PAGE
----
4) Very little offering for spouses and kids.
5) Anti-social. No morning Pancake B'fast, No Celebration Party.
6) Info packs are worthless. For example, the Ryusei one had NO information on lodging or transportation to the event (i.e. Bus Schedules, etc) Not everyone HAS a car - or WANTS to drive one! Plus, those with families or budgets need to find suitable, economic lodging.
7) General 'neutral support' like: First Aid, Mechanical, Info Desk, etc. nearly completely absent. Just ask volunteer from LBS to support this. Hell, I'd pony up a couple sets of wheels and one of my staff just for the op to schmooze with the riders!

The whole Event / Community thing needs to get a major reality check here. Riders coming into Po-Dunk towns bring more revenues, interest and longtail than anything else these communities have going on except certain entropy and decline into ghostdom. With Japanese govt putting out literally BILLIONS OF YEN to 'attract tourism' - why is it that NONE of these organizers can tap INTO THAT!?? Hell, how about offering reduced packages to FOREIGNERS to RACE in JAPAN? I know LOTS of riders at all levels that would love to do this. But there is NO MECHANISM in place for even potential (non Japanese speaking) visitors to simply search, locate and enter ANY event other than bribing a Japanese friend or their wife to do it for them.

I could go on for ages on this. As example - my homeboys in Portland, Or (a small city in Northwest of US) have regularly more than 2000 - 3000 entrants for their CX series, races EVERY WEEK, mass prizes, loads of fun, and all within 50mi of the City Center. They are locally sanctioned (ORBA). Cycle racing is booming there and is pumping loads of $$$ into the local industry and communities that support it. Why not here?
 

kiwisimon

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Dec 14, 2006
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Japan
#5
Echo everything James and Tim said, in a sense families are most peoples first responsibility and cycling will come second.
 

FarEast

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May 25, 2009
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Yokohama
#6
Echo everything James and Tim said, in a sense families are most peoples first responsibility and cycling will come second.
RUBBISH! It's always about the bike! :D

Although anyone that is privy to me and my wife’s agreement will know this is only true if I get a podium finish.
 

GSAstuto

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Oct 11, 2009
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tokyo
www.roadfixie.com
#7
As long as it includes an onsen and a petting zoo, my family is ok. But this severely limits the events I can participate in. My daughter is older now and can tell the difference between a live animal and a few stuffed socks thrown into a bin.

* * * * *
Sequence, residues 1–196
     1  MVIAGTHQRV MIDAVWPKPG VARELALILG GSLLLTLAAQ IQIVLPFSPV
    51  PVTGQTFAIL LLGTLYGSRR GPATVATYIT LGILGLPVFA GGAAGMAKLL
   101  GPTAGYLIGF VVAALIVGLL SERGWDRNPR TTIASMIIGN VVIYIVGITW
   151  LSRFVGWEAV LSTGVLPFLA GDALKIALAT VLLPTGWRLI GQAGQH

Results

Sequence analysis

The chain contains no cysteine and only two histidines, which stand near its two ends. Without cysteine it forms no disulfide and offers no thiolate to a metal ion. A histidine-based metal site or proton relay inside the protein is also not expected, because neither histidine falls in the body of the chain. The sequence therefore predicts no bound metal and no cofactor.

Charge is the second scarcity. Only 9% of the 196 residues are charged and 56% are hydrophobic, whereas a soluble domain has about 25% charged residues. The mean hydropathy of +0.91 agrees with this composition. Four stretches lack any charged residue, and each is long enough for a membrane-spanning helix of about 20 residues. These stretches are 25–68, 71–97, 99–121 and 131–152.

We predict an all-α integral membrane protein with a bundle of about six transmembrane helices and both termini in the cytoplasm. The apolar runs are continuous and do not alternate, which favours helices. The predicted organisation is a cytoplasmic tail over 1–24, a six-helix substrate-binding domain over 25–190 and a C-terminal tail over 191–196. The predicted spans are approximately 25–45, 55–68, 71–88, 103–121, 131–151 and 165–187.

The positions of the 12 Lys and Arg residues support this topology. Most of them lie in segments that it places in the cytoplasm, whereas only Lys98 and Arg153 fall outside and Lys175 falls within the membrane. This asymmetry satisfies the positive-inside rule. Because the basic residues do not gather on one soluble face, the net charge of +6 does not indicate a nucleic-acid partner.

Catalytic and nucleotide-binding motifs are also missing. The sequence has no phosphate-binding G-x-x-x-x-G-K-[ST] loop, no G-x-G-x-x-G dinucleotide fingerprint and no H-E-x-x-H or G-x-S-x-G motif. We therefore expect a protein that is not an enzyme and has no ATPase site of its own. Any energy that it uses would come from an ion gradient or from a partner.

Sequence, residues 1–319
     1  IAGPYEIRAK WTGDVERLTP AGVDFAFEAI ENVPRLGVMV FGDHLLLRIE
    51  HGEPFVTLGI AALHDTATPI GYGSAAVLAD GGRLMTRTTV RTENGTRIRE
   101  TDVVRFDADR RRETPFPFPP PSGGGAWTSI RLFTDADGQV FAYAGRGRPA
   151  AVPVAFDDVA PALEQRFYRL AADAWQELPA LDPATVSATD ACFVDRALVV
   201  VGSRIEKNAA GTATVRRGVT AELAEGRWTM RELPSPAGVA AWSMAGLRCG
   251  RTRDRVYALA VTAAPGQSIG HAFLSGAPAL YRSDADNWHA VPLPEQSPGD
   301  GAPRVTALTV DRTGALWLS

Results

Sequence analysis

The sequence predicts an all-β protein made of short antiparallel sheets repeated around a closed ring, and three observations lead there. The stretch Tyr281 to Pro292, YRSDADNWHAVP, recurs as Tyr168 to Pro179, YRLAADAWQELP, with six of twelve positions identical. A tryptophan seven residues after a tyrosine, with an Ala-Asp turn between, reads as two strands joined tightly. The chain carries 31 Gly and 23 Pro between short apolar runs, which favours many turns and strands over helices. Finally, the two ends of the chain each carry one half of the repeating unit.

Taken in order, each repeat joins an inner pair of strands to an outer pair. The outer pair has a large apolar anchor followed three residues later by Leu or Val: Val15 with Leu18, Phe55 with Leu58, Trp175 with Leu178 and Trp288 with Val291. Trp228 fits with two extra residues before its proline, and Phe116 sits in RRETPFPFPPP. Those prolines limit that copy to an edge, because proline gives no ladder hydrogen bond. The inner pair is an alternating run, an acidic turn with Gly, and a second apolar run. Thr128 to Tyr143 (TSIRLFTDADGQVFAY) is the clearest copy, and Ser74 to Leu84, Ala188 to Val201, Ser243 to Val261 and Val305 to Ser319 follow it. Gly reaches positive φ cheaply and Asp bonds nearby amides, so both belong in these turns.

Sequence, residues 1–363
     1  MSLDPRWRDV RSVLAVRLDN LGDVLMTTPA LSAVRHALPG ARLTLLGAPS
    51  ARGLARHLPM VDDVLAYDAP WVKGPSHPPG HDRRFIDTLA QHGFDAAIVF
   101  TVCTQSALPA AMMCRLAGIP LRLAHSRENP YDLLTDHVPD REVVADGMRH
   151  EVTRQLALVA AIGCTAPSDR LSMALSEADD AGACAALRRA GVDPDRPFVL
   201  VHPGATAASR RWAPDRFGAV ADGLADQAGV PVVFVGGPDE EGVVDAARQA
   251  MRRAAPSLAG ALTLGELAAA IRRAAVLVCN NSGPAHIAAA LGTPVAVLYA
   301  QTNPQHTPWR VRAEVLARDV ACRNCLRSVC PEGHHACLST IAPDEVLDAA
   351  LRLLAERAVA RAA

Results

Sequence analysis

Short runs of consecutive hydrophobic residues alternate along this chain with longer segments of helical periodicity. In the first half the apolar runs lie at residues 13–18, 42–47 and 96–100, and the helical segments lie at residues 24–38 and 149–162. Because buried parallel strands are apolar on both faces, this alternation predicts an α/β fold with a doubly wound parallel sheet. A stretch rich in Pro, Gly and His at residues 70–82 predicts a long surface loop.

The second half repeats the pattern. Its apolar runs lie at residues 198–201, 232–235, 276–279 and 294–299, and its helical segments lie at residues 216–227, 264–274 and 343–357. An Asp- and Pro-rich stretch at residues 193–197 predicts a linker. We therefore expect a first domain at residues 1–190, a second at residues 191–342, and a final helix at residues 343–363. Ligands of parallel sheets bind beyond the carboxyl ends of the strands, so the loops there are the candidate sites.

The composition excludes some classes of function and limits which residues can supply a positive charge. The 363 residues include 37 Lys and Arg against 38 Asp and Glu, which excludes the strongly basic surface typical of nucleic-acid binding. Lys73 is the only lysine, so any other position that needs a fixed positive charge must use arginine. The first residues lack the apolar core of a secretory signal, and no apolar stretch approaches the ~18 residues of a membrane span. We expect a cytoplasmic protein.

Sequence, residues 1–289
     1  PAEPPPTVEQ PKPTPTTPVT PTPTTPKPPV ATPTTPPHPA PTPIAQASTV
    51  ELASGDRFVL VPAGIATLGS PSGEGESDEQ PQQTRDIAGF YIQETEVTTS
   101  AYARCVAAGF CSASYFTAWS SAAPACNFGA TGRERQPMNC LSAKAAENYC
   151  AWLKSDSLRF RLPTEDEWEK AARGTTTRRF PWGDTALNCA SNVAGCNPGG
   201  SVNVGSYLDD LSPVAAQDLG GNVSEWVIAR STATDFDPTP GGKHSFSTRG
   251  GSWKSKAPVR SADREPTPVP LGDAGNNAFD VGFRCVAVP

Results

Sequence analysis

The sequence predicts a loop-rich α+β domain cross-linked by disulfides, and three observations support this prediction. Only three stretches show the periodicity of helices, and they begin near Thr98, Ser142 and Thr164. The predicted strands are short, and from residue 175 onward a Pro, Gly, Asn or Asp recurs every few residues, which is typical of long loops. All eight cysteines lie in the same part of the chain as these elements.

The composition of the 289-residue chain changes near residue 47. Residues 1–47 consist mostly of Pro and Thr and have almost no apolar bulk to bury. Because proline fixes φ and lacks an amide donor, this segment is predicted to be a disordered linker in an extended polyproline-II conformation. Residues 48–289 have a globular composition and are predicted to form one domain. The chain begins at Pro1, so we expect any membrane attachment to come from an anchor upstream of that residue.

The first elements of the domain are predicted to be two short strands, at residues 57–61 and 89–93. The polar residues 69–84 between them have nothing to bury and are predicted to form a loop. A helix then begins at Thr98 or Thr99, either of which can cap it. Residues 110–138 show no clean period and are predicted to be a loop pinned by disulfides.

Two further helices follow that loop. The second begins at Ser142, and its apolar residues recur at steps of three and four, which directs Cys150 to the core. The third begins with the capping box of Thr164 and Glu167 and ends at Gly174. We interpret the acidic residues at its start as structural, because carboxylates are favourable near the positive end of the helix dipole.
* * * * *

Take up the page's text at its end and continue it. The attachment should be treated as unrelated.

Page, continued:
Doug3

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Jun 24, 2010
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Setagaya
www.tokyocyclingcoach.com
#9
I agree with a lot of the above.

For someone who usually works on Saturday and when most races are on Sunday, one thing that I don't like to see is a mandatory pre-registration on the eve before the event without the option of a morning registration. Even if I am traveling a couple hundred clicks by car and plan to stay over in the local community the night before anyway, I don't like the idea of having to get into town by 6pm to get my number. Day of the event registration, and even better, as James said, day of the event entries (although at a higher price and not guaranteed) are a definite attraction.

Discount coupons to local attractions (esp. restaurants/onsens) for participants and families in the registration packs have been welcomed by my CFO in the past.
 

andywood

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Apr 8, 2008
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Niigata
#11
Some great ideas thanks! I will definitely share them.

The same day “uketsuke” entry seems a common thing. As a racer too that's something I think is important. But yeah nobody seems to be keen. “Get 'em in the hotel!” seems to be the common consensus!

By the way though, I've never had a problem doing the same day entry at any race. These days I do it at pretty much every race. Just call beforehand and make an excuse.

Andy

www.jyonnobitime.com/time
 

Sikochi

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Sep 13, 2010
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Kochi
#12
Not that I have much experience of races here, but a couple of points to add to the others

1) If you issue a schedule stick to it! Don`t change it on the day when I have planned my preparation around it.
2) Try to avoid keeping riders hanging around, unable to move, waiting for the `off`.
3) Post-race. Streamline presentations as much as possible and get them over with as soon as possible. Easier to bring the family if you know it`s not going to last all day.
4) Let the slowest start first - mtbs, older age groups and women (sorry!) first. All the hill climbs I have done, the quickest start first (which is fine) but then you get to the top and just have to wait and wait and wait (last one it was freezing at the top) for the last competitor to make it before you are allowed to descend - the winner must have waited well over an hour and a half at my last hill climb. And please, no painfully slow organised descents. Slow is ok, just not painfully slow.
5) Different numbered entries. The second race I did had each group starting with a different number, so you can see who was in your age-group.
6) On the day registration
7) Return of fees in the event of cancellation / advance notice of non-participation! (subject to administration charge is fine)
8) Our local association has a good idea - there is a TT next month, and after the first section, the riders are reverse-started and they have a winner for the first section, and an overall winner for the second (first one back, not fastest over both legs, so even those who have no chance of winning via fastest time [i.e. me!], have a chance to aim for something).
9) Detailed course guide i.e. ride profile, including gradient.
10) Please, no pins to make holes in my jerseys